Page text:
Efforts to postpone the introduction of ranked-choice voting in New York City are intensifying as the special elections, serving as the method’s proving ground, draw close.

Six City Council members filed a lawsuit to halt its use in a February 2 special election.

What You Need To Know

  • Council member wanted to bill to delay implementation, but effort stalled

  • Council speaker says city must get voting informational campaign right

  • Public advocate voices concerns about city's readiness for changes to voting process

Now, Daneek Miller said he had sought to do the same by legislation, but such a draft "is being held from being introduced to the body by the legislative mechanisms of the institution."

On Thursday, Council Speaker Corey Johnson said he believes only the voters or Albany can put off ranked-choice voting, but: “There’s not time to have another referendum to ask for a delay. I don’t know of any bills in the state Legislature that seek a delay.”

Miller is part of a coalition arguing that the lack of education about ranked-choice voting will confuse and disadvantage non-white New Yorkers.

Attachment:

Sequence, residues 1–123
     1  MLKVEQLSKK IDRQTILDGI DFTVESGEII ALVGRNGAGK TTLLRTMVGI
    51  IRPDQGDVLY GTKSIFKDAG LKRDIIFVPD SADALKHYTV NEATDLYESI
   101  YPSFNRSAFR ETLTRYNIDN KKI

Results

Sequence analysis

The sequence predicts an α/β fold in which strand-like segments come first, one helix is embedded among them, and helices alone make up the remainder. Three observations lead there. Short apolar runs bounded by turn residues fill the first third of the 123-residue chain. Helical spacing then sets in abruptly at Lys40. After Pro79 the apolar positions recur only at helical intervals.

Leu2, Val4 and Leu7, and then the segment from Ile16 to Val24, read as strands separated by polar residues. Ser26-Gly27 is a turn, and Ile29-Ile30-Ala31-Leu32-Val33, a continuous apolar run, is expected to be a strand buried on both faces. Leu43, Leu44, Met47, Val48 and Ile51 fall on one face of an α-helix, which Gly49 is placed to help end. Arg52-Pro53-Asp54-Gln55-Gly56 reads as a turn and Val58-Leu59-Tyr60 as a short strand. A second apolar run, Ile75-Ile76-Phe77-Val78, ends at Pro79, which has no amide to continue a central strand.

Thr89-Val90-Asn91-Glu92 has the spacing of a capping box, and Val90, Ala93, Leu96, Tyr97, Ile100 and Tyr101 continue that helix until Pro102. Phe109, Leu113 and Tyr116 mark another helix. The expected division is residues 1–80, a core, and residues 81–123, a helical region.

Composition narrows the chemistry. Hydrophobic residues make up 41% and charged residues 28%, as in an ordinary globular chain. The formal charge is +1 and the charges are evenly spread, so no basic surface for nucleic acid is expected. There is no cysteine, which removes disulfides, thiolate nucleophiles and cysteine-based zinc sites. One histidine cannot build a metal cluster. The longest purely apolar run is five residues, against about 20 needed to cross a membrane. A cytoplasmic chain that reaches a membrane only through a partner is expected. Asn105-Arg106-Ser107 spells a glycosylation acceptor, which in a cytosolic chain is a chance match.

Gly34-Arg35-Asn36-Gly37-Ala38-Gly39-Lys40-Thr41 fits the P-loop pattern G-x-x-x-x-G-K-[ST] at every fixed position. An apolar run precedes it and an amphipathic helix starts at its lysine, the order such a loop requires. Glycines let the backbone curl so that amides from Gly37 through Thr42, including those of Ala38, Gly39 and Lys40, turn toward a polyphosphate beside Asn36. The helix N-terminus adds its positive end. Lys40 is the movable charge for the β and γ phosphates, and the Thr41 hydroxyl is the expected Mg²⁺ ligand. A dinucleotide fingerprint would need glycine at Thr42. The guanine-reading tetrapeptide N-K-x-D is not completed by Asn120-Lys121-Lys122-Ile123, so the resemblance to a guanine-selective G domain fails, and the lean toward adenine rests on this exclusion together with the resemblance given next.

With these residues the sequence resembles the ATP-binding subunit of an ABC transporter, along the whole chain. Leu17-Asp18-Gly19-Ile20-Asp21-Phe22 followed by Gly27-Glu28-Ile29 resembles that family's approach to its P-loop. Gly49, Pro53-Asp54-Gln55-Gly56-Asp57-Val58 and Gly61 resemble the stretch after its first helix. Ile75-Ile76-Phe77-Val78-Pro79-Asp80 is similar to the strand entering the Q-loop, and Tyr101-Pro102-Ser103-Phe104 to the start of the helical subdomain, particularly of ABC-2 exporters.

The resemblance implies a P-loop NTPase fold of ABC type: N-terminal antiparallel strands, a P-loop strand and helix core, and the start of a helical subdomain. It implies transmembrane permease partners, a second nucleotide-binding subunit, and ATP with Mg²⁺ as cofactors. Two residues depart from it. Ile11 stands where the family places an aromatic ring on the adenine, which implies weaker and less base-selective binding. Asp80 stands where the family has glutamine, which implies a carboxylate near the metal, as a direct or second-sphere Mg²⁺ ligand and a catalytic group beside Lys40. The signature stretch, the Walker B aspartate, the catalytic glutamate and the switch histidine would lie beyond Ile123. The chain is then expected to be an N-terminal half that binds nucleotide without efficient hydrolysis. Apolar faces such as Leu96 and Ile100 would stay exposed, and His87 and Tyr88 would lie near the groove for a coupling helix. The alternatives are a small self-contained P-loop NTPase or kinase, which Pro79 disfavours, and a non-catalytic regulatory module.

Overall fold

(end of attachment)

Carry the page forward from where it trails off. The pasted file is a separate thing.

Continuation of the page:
Johnson and Public Advocate Jumaane Williams — both of whom vocally advocated in 2019 for the system's adoption — agree that informing the public is crucial.

Williams appeared to have less faith in the city’s readiness than Johnson.

In tweets, he cited "real internal problems."

He added, “We are deeply concerned with the ability of the city to make up for these failures in time for the upcoming special elections.”

Meanwhile, Johnson said, “If the city does its job in educating the public about ranked-choice voting, it should help us have elections in which more candidates have a shot at winning and campaigns are less negative.”

Council Majority Leader Laurie Cumbo is among the opponents who say that, though voters approved ranked-choice voting in 2019 by 73%, the low turnout means there's no mandate.

“We certainly respect the will of the voters; the challenge that we have is that there was no outreach or education for voters who voted for ranked-choice voting in the first place.”

The Campaign Finance Board says it’s spending $2 million on ranked-choice voting education plus $8 million on the voters’ guide that includes information on the changes.

Still, that total pales in comparison to what Cumbo has noted was $40 million spent on outreach about the importance of the Census.

The new system will allow voters to rank their candidates in order of preference.